§ Mr. LEVY
I beg to move,That this House regards the provision of adequate water supply and drainage as a prime necessity, especially in rural areas where the primitive character of these services constitutes a great danger to public health.10.42 p.m.
It is very late and I do not propose to detain the House. I will just give the broad facts without any elaboration. It is a question of the inadequacy of the water supply and drainage system of this country. It is not unreasonable to ask that in the greatest civilized country in the world, in this twentieth century, all members of the community should have a sufficient supply of pure, clean, cold water and that they should be provided with efficient domestic drainage. If a fairy godmother were to appear and say that she was prepared to grant one wish, the one wish we should all desire is that of good health. What are the two essentials to good health? The answer must be pure, clean water, and plenty of it, and a hygienic domestic drainage system. Whilst giving credit for what has been clone in the past, the conditions in the rural areas to-day, in a good many of the areas, can only be described as appalling.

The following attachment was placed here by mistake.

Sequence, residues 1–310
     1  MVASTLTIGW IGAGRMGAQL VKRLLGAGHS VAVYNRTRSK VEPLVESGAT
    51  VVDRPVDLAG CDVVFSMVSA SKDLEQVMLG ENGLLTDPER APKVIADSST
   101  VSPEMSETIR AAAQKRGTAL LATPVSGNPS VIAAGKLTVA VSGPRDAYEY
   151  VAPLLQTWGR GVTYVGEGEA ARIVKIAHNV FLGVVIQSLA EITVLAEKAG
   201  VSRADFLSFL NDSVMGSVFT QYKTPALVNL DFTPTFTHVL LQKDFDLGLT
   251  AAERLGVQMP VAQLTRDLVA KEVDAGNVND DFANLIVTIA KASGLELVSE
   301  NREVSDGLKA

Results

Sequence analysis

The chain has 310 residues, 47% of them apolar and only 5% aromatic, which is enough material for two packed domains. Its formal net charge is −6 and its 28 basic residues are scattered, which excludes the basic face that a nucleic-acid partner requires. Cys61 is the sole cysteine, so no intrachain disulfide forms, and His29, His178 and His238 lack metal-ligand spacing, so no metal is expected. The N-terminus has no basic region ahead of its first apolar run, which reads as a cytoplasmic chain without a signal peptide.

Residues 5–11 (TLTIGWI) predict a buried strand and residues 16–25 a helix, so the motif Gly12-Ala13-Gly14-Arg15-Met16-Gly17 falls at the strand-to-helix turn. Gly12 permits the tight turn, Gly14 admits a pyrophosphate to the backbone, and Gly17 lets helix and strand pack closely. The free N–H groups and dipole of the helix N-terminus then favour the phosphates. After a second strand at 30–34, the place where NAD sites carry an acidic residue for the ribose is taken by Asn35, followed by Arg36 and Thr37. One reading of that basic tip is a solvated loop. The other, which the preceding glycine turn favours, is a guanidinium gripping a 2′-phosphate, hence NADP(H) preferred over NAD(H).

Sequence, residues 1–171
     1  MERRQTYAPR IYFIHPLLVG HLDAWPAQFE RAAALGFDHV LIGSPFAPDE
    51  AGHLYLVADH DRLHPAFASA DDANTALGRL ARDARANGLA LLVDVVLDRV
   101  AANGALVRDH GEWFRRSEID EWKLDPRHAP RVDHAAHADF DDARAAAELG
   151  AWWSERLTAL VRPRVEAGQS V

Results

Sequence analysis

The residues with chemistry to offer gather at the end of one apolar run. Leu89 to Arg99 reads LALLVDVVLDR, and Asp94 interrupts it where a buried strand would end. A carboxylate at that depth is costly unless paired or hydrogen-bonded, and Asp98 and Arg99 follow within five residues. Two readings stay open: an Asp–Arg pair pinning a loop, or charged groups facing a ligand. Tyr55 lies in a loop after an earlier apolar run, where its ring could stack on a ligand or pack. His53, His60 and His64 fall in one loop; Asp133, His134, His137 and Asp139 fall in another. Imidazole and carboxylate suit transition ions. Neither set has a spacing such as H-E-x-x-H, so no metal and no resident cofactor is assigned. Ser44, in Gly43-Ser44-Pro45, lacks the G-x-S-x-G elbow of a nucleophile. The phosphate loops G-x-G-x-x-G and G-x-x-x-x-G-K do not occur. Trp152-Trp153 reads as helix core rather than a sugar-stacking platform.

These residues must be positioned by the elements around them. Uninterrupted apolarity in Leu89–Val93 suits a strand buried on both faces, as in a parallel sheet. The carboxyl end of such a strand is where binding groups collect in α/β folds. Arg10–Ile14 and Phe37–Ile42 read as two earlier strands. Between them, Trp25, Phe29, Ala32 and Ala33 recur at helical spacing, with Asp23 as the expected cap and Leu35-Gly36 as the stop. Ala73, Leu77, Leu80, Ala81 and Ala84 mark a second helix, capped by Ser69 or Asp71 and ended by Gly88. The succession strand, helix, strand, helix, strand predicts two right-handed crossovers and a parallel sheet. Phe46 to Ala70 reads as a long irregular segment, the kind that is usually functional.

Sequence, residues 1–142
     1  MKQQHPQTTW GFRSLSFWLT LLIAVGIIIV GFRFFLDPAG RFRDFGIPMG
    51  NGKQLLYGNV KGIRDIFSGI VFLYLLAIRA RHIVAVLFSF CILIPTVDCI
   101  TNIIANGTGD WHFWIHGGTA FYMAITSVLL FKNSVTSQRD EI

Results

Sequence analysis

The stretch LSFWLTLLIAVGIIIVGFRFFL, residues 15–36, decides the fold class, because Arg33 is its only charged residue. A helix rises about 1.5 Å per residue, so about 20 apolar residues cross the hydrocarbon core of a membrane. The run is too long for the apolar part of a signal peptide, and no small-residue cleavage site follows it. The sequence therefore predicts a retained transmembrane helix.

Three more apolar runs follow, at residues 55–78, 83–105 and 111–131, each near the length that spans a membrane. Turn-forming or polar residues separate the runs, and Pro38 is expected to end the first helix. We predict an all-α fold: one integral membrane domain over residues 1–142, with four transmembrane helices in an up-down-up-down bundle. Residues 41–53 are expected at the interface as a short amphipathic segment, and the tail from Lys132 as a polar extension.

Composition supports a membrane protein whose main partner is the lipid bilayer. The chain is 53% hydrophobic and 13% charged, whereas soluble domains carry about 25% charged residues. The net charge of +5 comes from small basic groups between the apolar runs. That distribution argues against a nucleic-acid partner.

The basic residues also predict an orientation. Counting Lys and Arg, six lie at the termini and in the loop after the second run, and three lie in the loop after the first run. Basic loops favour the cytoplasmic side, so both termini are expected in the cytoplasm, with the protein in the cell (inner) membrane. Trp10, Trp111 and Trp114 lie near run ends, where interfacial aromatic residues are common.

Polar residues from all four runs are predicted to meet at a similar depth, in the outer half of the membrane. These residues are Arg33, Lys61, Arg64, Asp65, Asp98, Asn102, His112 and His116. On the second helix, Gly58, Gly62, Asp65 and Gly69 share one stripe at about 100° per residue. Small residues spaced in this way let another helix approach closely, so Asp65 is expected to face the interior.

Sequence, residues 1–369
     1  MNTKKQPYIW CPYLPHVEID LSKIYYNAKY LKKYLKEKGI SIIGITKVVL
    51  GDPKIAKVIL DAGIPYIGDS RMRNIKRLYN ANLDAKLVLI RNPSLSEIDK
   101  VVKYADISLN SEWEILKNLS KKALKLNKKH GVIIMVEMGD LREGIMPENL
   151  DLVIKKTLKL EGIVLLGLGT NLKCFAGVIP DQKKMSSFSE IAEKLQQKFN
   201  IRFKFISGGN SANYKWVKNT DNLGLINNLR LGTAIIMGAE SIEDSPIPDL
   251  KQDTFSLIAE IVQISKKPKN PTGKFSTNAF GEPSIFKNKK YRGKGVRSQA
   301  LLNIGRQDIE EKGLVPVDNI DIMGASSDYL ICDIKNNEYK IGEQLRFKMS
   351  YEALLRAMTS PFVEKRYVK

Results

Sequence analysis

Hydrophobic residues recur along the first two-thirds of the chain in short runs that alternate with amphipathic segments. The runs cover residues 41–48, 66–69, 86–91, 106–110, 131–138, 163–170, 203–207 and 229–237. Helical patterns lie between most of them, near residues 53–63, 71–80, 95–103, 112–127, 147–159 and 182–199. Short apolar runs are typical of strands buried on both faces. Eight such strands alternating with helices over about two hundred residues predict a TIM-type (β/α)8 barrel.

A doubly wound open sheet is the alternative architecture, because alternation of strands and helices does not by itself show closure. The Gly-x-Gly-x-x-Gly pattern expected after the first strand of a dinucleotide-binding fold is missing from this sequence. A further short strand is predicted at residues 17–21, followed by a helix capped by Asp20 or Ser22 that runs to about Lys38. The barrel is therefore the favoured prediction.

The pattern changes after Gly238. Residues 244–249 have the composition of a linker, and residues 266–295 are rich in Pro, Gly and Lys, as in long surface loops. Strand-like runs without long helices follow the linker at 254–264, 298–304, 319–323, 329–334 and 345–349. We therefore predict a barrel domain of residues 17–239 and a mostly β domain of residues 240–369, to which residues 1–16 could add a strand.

The water supply in a number of these areas depends on a communal well, of doubtful purity, and the drainage is primitive in the extreme, and is a definite danger owing to water pollution to public health. In these rural areas an improvement could be made by public service lines, but the cost is so great that this is not possible; and the same argument applies to efficient drainage. It was not until the Local Government Act of 1929 that the cost of rural water schemes of a purely parochial nature was removed and gave place to more comprehensive schemes which would supply water for large areas. But the application and the consideration that has been given to 1746 these schemes has been very slow, and very unsatisfactory. For example, the unsatisfactory nature of these drainage undertakings is to be found in Middlesex. It was only last year that the County Council of Middlesex, with the authority of Parliament, undertook a scheme covering a large area. They took in 19 areas. They abolished 28 local sewerage works, and the density of these sewerage works can be well understood when I state that there was one sewerage works to every five square miles, and most of them were unsatisfactory. In these cases the remedy is being applied, but not in other cases up and down the country, in spite of the unhealthy conditions and the many complaints.